Friday, February 4, 2011

Touching Death

The following guest post by Eric Michael Johnson is part of the Primate Diaries in Exile blog tour. You can follow other stops on this tour through his RSS feed or follow him on Twitter. If this is your first time visiting The Prancing Papio make sure to browse some of the other posts on the blog. Thanks. - EMJ



I had always been afraid of my grandfather and now I was staring at his pale, lifeless hand inches from my face. But the very same arthritic fingers I had seen him use countless times to push tobacco inside his pipe or the hard candies he loved into his toothless mouth now just looked wrong to me. They were alien and artificial. It was as if a sculptor had taken the man I knew and placed a life-sized replica in his coffin to fool us. I had to touch him. Later I would learn that this impulse wasn’t unique to that curious ten-year-old attending his first funeral.

In fact, no lesser a figure than the famous 17th-century English parliamentarian and diarist Samuel Pepys would be similarly tempted. After attending a public dissection at London’s Barber-Surgeons Hall one evening in 1663 he enticed his host to let him see the body alone, a sailor who had been hanged for robbery. Afterwards, in the flickering candlelight, Pepys wrote in his diary what I might have expressed myself if I’d had the vocabulary. “I did touch the body with my bare hand; it felt cold, but methought it was a very unpleasant sight.”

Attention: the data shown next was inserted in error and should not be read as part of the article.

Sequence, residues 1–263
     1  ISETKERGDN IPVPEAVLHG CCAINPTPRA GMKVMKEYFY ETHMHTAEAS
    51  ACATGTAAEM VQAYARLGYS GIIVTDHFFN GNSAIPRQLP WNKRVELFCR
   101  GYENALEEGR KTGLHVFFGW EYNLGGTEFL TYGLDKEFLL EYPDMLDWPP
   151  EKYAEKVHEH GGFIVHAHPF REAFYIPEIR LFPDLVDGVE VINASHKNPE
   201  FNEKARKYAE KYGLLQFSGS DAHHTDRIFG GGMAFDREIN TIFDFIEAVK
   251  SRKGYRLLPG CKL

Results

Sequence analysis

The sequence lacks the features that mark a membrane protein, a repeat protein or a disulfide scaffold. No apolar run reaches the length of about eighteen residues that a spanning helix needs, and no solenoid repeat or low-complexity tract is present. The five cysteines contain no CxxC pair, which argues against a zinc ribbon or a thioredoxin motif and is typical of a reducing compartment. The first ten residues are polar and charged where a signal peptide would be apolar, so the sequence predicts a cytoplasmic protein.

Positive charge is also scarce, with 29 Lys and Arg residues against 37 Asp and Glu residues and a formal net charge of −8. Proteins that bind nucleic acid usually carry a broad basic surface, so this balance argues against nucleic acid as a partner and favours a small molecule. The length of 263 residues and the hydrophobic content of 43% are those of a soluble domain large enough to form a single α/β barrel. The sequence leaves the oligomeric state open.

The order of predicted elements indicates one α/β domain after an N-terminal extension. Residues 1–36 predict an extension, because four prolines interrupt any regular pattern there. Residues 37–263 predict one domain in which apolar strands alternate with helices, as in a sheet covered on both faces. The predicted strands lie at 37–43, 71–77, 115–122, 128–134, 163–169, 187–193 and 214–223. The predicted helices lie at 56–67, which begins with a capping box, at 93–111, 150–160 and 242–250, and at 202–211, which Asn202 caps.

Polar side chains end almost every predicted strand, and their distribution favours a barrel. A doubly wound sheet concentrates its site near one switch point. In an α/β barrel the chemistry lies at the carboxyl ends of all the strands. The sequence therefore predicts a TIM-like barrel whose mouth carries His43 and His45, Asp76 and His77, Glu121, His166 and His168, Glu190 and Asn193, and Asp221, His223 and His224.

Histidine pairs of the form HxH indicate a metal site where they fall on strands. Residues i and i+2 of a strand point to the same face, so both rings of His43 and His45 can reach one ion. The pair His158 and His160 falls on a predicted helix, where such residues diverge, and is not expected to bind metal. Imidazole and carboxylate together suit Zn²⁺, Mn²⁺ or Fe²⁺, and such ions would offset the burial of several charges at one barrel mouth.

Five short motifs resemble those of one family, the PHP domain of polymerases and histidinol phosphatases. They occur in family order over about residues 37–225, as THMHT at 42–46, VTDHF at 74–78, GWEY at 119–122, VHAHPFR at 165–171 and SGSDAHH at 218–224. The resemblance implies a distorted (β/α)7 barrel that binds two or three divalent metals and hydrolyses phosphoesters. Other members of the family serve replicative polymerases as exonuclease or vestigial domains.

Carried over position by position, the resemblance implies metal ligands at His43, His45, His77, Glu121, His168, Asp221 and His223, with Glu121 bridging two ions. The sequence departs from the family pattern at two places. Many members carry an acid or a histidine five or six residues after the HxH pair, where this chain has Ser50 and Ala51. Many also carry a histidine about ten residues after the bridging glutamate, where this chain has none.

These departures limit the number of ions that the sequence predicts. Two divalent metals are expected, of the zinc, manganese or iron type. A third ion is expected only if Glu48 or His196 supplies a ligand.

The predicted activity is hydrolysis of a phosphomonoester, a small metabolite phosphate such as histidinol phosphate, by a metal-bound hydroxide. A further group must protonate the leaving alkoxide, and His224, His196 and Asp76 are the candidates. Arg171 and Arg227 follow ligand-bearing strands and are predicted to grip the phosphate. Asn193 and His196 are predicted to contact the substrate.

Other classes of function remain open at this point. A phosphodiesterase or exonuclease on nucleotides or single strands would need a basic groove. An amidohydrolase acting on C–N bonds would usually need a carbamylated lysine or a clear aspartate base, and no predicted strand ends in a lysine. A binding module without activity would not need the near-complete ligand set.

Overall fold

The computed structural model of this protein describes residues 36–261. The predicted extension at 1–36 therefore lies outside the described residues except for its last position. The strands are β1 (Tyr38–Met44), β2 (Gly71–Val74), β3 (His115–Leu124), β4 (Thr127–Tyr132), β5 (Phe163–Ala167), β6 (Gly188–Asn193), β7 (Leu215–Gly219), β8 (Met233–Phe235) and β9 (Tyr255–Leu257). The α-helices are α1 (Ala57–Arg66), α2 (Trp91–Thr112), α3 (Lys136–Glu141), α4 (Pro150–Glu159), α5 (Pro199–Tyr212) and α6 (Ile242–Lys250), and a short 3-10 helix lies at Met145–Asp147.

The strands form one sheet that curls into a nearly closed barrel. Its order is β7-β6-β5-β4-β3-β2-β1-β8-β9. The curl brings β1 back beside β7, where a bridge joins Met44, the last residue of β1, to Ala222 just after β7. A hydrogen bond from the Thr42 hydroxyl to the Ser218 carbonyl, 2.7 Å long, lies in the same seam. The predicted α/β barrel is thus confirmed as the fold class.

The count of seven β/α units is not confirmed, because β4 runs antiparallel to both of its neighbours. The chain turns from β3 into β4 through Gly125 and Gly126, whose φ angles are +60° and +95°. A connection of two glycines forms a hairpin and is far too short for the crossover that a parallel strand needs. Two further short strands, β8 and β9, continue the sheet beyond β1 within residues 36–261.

There is something intensely animal about our relationship with the dead. As an atheist I don’t feel particular reverence or awe at the site of a cadaver. It mostly just creeps me out. But even religious believers, those who should be comfortable with the idea that a dead body retains no trace of the person they once knew, also seem to have trouble letting go of what St. Paul called “confidence in the flesh.” In funerary observances around the world cadavers are regularly touched, kissed, washed, anointed with oils, bedaubed with ceremonial makeup, carted to sacred ground, entombed with their clothes or belongings, and generally treated in death as if their body were going on a different journey than miasmic decay.

However, as is often the case where human universals are concerned, looking to similar behaviors in other animals can be especially instructive. For example, a study that has just been released in the American Journal of Primatology has captured the most complete process to date of what could only be described as mourning behavior in nonhuman primates. Katherine Cronin and colleagues at the Max Planck Institute, Gonzaga University, and the Chimfunshi Wildlife Orphanage Trust in Zambia have documented a case where a chimpanzee mother faced what for most of us would be an unthinkable horror: the death of her child.








Video footage by Cronin et al. 2011.